Since I already own an autosiphon and spring-loaded bottle wand, I opted to rack to a growler containing my priming solution (3 TSP honey and sanitized water) and rack using the autosiphon and bottle wand.
I only managed to squeeze out 8.5 bottles of beer. I probably lost a ton of volume in fermentation due to my over-pitching miscalculation. I stored 8 bottles in my 70-75f “conditioning closet” and drank the .5 leftovers in a small double old fashioned glass. It was sweet with the unfermented priming sugar, but the malt and hops tasted fantastic, well-balanced and the alcohol was not over powering (despite the over-pitch).
Normally, I try to pre-chill my bottled homebrew 5-7 days before drinking. I try to let all the funk fall out and have the CO2 evenly distributed throughout.
However, just as I popped this beer into the fridge to chill down, I received word that we would have family visiting from Canada in a few hours. Despite my concerns about it being green or having some yeast-bite....This was the best beer in the house and who was I to keep it from our travel-weary guests?!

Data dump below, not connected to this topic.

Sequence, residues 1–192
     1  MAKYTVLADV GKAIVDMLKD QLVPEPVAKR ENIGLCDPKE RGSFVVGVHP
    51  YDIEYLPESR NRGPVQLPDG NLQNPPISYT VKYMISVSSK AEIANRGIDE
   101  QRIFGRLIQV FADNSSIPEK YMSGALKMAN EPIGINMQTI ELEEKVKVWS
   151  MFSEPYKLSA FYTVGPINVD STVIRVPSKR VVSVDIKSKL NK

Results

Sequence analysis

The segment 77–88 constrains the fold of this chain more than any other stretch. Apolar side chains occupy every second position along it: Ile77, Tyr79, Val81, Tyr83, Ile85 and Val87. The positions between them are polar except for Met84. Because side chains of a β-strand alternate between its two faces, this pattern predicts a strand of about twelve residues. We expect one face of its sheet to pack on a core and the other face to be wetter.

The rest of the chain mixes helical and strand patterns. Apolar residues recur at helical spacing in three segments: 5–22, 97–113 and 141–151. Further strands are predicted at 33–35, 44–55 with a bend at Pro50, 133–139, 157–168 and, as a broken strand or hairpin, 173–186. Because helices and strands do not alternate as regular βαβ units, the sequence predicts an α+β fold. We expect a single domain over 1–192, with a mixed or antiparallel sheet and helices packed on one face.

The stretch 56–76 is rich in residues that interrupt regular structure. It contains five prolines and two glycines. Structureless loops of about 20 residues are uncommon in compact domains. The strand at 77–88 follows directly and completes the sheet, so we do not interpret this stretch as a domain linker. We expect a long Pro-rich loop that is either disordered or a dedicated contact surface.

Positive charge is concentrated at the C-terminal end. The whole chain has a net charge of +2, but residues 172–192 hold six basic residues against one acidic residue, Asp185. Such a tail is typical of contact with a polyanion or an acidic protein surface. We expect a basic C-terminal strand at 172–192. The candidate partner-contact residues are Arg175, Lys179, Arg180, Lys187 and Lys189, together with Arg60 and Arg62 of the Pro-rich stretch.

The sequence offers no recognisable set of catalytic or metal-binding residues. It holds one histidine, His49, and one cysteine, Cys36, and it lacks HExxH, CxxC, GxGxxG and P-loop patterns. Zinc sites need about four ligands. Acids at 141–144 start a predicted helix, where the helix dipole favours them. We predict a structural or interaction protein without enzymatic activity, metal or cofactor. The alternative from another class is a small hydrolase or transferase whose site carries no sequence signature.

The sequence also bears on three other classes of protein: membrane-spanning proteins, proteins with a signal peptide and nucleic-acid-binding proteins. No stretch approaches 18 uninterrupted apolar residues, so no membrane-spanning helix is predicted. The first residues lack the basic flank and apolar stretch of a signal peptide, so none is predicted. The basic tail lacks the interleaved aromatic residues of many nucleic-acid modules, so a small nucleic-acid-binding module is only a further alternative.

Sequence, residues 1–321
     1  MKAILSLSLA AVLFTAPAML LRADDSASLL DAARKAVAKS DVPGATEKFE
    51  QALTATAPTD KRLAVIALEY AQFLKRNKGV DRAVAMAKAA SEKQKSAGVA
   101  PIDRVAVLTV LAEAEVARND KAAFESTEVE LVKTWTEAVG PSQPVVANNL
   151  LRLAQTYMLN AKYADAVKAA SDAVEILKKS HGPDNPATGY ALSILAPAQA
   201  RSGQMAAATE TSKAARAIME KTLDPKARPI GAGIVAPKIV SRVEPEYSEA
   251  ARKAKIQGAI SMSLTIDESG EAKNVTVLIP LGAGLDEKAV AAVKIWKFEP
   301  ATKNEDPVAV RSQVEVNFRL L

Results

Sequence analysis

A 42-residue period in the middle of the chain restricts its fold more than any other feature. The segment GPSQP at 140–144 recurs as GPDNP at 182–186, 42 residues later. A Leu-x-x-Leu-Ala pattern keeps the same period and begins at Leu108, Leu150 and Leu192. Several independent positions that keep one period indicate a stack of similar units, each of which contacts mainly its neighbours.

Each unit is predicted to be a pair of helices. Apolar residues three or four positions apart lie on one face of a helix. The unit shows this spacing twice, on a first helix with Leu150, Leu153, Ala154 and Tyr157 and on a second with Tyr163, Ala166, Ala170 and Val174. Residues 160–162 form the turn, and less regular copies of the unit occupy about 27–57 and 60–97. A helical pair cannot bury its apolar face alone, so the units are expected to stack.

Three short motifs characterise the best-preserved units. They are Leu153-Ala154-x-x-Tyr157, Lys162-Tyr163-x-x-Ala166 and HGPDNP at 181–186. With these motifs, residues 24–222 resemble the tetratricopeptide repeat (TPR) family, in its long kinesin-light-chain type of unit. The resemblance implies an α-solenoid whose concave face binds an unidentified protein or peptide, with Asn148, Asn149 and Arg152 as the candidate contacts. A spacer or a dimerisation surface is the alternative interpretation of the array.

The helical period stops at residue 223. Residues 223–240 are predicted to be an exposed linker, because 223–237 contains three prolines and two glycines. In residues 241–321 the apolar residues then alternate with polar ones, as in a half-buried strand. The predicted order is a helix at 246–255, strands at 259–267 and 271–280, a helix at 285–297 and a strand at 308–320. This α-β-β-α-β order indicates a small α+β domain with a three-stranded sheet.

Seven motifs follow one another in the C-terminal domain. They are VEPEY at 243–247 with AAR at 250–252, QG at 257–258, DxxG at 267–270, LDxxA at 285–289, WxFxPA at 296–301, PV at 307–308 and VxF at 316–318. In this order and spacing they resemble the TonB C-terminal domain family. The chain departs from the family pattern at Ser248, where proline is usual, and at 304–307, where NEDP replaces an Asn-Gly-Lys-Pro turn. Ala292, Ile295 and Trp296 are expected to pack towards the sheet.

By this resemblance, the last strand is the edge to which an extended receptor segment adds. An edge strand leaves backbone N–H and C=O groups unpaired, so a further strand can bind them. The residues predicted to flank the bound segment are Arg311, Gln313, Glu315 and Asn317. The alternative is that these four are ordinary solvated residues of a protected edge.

With some reservation, I cracked the first few bottles and served them to our thirsty guests out on our deck one warm August evening in Oregon.
The feedback was swift and immediate. THEY LOVED IT. Every single one of our guests had nothing but praise for the brew. It was crisp, balanced, thirst-quenching and delicious.
Overall, this was a great experience. I was able to try out all-grain brewing. The results were far better than expected. The process was simple and manageable with standard kitchen equipment. I made a beer that people truly enjoyed and that is always the best possible outcome for me as a homebrewer.
**Brooklyn Brew Shop Revisited**
I recently scored an other kit from Brooklyn Brew Shop and decided to give it a whirl. This time around, I brewed their “Everyday IPA.”
|Everyday IPA kit from Brooklyn Brew Shop: photo courtesy of Brooklyn Brew Shop|
The processes recommended in the IPA kit mirrored those of the “Summer Wheat” kit with exception to the hop schedule.
The only qualm I had about this particular brew was that the instructions again called for honey as a bottle-priming sugar. This method of priming was fine with the Summer Wheat, given the style.
However, the honey left significant amounts of unfermented sugar and residual honey taste in the IPA. The taste and sweetness was very apparent and unwelcome in the second batch. The sweetness and residual flavor robbed some of the hoppiness from the beer and was very much out of style. I’m still kicking myself for not making a judgement call and using table or corn sugar to prime. But, it was a valuable lesson to learn and the perfect scale batch to learn the hard way.